In chemistry, when you mix a bunch of oils together, they combine. So, when you rub oil on the skin, it combines with sebum or sebaceous filaments. And when you’re rubbing it, you’re able to dislodge, loosen, or pull some of it out.
This is very different than oil cleansing. Oil cleansing is when you remove something like makeup or sunscreen, and then, you follow up with a regular cleanser.
How do you do oil pulling for the skin?
Simply take your oil of choice, and rub it on your face. However, you don’t want to use an oil that’s going to cause your skin to break out . If you have oily skin, you might not want to use this method at all.
But even though Cassandra has oily skin, this is how she did it. Cassandra used olive oil and rubbed it on her face for 30 minutes. It took about 3 minutes to get her first sebaceous filament out, and by 5 minutes, Cassandra actually had a few chunks come out. Around 17 minutes, her sebaceous filaments truly started to lift. After 20 minutes, her skin started to get a little red.
But after a while, it just felt like she was exfoliating her face with her skin’s own debris. It took a while to work, and it did work to remove sebaceous filaments, but Cassandra would rather stick to chemical exfoliants.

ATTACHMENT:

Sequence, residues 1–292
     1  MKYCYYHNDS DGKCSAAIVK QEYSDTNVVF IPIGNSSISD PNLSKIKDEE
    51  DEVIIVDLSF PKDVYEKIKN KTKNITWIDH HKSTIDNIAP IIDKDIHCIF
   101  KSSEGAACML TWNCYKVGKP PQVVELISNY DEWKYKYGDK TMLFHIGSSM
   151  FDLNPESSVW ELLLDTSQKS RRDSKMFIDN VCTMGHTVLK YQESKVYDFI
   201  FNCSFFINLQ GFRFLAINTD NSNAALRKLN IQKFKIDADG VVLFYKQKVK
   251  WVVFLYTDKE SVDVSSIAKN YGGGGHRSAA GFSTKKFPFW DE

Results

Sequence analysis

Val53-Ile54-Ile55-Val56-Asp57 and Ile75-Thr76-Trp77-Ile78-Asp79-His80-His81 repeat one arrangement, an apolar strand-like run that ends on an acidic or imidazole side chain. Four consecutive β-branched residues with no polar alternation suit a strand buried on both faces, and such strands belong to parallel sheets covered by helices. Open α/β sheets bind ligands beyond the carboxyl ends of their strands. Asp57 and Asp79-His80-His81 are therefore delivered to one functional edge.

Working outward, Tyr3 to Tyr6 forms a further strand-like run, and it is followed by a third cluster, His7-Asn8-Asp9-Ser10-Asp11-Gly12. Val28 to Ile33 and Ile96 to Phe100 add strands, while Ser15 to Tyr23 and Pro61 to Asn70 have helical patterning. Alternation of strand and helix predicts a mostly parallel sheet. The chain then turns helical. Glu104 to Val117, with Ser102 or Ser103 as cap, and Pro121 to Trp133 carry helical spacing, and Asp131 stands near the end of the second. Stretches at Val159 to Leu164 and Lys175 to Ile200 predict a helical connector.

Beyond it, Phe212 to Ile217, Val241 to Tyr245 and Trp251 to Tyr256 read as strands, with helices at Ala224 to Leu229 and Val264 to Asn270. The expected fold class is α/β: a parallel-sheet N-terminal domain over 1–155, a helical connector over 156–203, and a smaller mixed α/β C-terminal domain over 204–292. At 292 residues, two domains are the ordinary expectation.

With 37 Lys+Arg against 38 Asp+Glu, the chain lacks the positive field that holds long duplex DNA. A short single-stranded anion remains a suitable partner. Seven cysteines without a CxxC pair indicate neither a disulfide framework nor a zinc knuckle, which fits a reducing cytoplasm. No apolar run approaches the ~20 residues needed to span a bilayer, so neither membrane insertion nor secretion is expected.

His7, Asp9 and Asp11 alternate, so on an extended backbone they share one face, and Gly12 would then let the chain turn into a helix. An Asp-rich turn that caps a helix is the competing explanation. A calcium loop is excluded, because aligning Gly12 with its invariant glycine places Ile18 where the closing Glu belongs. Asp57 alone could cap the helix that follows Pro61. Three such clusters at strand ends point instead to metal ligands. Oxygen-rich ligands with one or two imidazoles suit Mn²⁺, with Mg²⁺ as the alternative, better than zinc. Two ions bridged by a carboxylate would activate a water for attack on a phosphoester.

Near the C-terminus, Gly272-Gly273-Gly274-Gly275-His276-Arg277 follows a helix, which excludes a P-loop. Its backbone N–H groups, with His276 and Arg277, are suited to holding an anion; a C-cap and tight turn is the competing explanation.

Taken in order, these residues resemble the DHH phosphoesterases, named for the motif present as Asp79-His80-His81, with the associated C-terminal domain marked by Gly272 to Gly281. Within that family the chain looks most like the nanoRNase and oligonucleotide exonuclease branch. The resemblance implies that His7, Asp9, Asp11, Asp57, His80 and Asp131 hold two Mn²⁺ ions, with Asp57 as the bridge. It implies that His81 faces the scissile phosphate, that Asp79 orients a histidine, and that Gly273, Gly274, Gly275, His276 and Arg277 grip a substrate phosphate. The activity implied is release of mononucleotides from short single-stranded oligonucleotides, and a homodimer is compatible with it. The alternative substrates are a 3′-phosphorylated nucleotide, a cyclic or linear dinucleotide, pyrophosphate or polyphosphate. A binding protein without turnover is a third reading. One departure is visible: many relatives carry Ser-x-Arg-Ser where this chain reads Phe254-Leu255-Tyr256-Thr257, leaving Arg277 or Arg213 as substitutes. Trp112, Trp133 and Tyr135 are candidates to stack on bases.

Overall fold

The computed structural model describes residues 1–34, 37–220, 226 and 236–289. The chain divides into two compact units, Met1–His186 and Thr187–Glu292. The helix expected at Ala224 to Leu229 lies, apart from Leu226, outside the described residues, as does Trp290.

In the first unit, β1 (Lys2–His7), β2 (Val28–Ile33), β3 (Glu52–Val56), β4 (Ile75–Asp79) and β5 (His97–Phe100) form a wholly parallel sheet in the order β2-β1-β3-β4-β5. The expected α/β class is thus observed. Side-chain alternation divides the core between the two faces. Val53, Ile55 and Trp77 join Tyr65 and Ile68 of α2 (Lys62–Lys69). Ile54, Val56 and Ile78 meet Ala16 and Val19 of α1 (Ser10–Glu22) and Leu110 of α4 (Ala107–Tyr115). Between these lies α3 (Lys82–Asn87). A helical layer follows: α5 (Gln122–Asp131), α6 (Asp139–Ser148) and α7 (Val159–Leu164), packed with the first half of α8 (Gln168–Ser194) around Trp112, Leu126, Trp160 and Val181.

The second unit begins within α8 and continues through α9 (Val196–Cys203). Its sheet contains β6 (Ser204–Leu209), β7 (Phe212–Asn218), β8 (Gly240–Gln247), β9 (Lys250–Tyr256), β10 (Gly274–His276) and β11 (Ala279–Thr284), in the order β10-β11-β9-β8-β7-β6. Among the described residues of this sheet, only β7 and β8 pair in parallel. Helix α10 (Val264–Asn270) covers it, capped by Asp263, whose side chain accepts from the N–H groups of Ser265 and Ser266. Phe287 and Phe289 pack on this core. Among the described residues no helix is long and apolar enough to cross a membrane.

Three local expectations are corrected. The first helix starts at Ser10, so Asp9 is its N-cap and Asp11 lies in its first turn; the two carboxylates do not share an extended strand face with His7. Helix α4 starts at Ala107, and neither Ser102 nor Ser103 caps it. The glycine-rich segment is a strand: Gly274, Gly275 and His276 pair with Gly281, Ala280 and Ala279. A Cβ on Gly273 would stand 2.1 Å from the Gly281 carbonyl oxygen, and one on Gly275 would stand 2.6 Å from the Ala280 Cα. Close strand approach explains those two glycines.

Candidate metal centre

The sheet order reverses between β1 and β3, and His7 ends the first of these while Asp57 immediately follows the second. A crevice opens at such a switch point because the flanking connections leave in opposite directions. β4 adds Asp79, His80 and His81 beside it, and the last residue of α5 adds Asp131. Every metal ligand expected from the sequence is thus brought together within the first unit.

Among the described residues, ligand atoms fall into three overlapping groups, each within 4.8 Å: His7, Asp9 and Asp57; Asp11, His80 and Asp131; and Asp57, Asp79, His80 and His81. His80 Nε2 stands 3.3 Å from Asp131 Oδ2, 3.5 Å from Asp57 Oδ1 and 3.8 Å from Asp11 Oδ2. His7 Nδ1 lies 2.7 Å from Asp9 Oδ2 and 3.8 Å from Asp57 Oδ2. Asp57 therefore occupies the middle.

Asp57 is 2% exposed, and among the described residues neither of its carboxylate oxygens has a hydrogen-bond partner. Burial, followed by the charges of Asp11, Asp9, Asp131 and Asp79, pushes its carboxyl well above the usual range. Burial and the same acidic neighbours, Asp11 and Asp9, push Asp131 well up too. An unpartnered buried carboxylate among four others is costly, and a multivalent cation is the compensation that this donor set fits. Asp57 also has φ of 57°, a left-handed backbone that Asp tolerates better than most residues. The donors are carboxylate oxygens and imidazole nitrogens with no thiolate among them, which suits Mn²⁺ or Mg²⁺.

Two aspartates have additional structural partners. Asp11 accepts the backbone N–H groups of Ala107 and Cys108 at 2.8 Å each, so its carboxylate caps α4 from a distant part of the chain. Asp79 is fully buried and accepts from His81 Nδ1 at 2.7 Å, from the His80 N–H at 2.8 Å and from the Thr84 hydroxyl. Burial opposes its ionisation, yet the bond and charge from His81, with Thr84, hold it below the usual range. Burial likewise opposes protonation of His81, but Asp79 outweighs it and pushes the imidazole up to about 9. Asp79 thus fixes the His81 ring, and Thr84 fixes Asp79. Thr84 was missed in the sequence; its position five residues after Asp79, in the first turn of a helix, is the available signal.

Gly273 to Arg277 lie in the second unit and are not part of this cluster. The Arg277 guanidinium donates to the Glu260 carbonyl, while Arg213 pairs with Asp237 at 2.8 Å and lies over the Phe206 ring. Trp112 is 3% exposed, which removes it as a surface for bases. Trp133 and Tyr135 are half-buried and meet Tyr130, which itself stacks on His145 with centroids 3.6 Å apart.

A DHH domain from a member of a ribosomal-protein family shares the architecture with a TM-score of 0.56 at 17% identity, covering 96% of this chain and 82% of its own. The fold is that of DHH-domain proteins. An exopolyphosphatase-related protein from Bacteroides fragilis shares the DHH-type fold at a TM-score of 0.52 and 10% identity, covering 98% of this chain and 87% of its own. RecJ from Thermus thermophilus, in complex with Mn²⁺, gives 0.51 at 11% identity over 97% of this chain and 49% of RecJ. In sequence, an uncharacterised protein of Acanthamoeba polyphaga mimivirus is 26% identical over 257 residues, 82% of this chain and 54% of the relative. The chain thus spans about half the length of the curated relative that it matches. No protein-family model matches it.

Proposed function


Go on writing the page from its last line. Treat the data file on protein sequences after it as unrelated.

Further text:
Does oil pulling work on the skin?
Well, it can work to pull out sebaceous filaments. But, just because it pulls out sebum doesn’t mean that it helps the skin or yields results. For example, Cassandra often deals with sebaceous filaments, and this was not a fit for her skin. It was a very oily process. On top of that, what prevents the sebaceous filaments from returning? There’s nothing in oil that prevents sebum from building back up and getting stuck again. Likewise, "oil pulling" removes things, but it doesn’t truly help the skin in the long run, especially if you have oily skin.
Plus, if you have acne, rubbing the skin for this long can make the skin red and inflamed. And ultimately, the acne might look worse afterward. That’s what happened to Cassandra. She not only broke out more the next day, but she broke out even more the following week.
There’s also the risk of accidentally using an oil that doesn’t work for your skin.
If you are going to do oil pulling, Cassandra would recommend using a skincare oil as opposed to a cooking oil. Here are some that Cassandra likes.